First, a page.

Olive oil feud: The social media row between Graza and Brightland
Imitation may be the sincerest form of flattery, but not in the startup world.
There was drama in the olive oil business this week — and it unfolded on LinkedIn, the online haven for startup feuds, over-sharing and self-mythologizing odes to #founderculture.
An angry post from olive oil entrepreneur Andrew Benin caused a stir in a small corner of the internet food world, in part because it posed a raunchy question: Who owns the squeeze bottle?
Mr. Benin is the CEO and co-founder of Graza, a direct-selling start-up founded in 2022 that sells olive oil in squeezable, forest-green plastic bottles designed for optimal drizzle and Instagrammability. Whole Foods sells it, Bon Appétit wowed it, and Food & Wine Magazine called it a “cool olive oil for kids.” As the Wall Street Journal noted earlier this year, Graza has found a “sweet spot” in the market with its two bottles of extra virgin olive oil, the Drizzle ($20) and the Sizzle ($15).
After quality and shipping problems last Christmas, Mr. Benin apologized to over 30,000 customers in an unusually warm and detailed email. That gesture, along with posts on Graza’s blog (the “Glog,” as the company calls it), painted a picture of an enthusiastic founder.
Then, as he wrote on LinkedIn this week, he faced what he called “#copycat culture.” In the post, he selected a competitor’s new olive oil, which is also packaged in a squeeze bottle and is marketed as something to drizzle over pizza.
“While friendly competition has always been welcome, I view this as blatant disrespect and choose to express my dissatisfaction,” Mr Benin wrote. He tagged the Brightland company and its founder, Aishwarya Iyer, and included a photo of the squeeze bottle in question. “#Founders know this day is coming,” he wrote, adding, “Personally, I think it’s okay to get angry when people screw you.”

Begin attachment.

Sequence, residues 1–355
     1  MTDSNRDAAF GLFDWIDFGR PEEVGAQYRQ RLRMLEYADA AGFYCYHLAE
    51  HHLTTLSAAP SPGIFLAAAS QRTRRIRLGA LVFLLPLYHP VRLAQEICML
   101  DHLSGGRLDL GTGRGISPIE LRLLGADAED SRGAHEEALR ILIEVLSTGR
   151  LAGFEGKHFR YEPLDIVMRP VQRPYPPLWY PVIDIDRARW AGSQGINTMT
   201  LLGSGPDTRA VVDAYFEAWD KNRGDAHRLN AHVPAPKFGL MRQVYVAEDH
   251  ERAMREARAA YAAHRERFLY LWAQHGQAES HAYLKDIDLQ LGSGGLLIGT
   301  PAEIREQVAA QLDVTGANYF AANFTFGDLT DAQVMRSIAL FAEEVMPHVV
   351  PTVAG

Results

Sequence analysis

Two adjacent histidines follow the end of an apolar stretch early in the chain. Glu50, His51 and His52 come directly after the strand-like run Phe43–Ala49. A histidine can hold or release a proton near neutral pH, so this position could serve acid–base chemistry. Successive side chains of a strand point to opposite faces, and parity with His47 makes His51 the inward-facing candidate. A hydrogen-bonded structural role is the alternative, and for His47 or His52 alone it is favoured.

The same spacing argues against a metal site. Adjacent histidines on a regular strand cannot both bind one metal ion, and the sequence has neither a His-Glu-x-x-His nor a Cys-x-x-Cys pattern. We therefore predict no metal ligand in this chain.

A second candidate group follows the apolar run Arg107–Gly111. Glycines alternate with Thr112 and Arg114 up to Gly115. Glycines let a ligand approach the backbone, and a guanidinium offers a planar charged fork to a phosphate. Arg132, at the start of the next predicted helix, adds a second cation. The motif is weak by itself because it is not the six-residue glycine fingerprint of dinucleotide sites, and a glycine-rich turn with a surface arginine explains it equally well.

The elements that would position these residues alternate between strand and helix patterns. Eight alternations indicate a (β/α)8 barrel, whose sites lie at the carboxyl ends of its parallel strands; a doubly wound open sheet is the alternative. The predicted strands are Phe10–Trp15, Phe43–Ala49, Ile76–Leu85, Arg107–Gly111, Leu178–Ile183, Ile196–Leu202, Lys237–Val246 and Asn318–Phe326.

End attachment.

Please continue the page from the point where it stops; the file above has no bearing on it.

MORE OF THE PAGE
Some Twitter users said Mr Benin’s post “started the olive oil wars”, but it should be noted that the spat was one-sided. Ms Iyer and Brightland have not spoken publicly about the call. (Brightland declined to comment on this article. Graza did not respond to requests for comment.)
Reception of Mr Benin’s post seemed mixed, with many of the comments on LinkedIn chiding him for stirring up unnecessary drama. “With all due respect, you didn’t invent the squeeze bottle,” wrote Alison Cayne, the founder of Haven’s Kitchen. “Chefs and home cooks have been using it for decades.” Even the FAQ section on Graza’s website says so.
“Get used to it,” wrote Ju Rhyu, the CEO and co-founder of Hero Cosmetics, in a tweet about what she dubbed “olive oil copycat gate.” She included four photos of products that appeared to mimic one of her own company’s products, the Mighty Patch.
“I think that’s part of the territory,” Ms. Rhyu said. “It means that if there are copycats out there, you will achieve a certain level of success. We’re definitely trying to resist that, but it’s not easy.”
Ms. Rhyu said she first heard about the olive oil imbroglio on LinkedIn.
“I thought it was bad form to call another founder who is an entrepreneur and in a way has really reignited that category,” she said of Mr Benin’s appointment of Ms Iyer, who founded Brightland in 2018 his post. She added that she felt the post was an “overreaction.”
Mr Benin appeared to regret having pursued a rival. Hours after his original statement, he posted a follow-up on LinkedIn that included an apology to Ms. Iyer and his team at Graza. “I was heated and reacted badly and learned from the variety of comments everyone left today,” he wrote.
For some online, the cold-pressed social media drama has been a welcome distraction from more pressing concerns outside of the artisanal olive oil’s niche community.
“Honestly, god bless the olive oil war, this is exactly the kind of ridiculous startup brain worm low stakes drama the world needs more of right now.” tweeted Helen Rosner, a New York food reporting contributor. “No villains, no victims, just top-notch public ego goofballs.”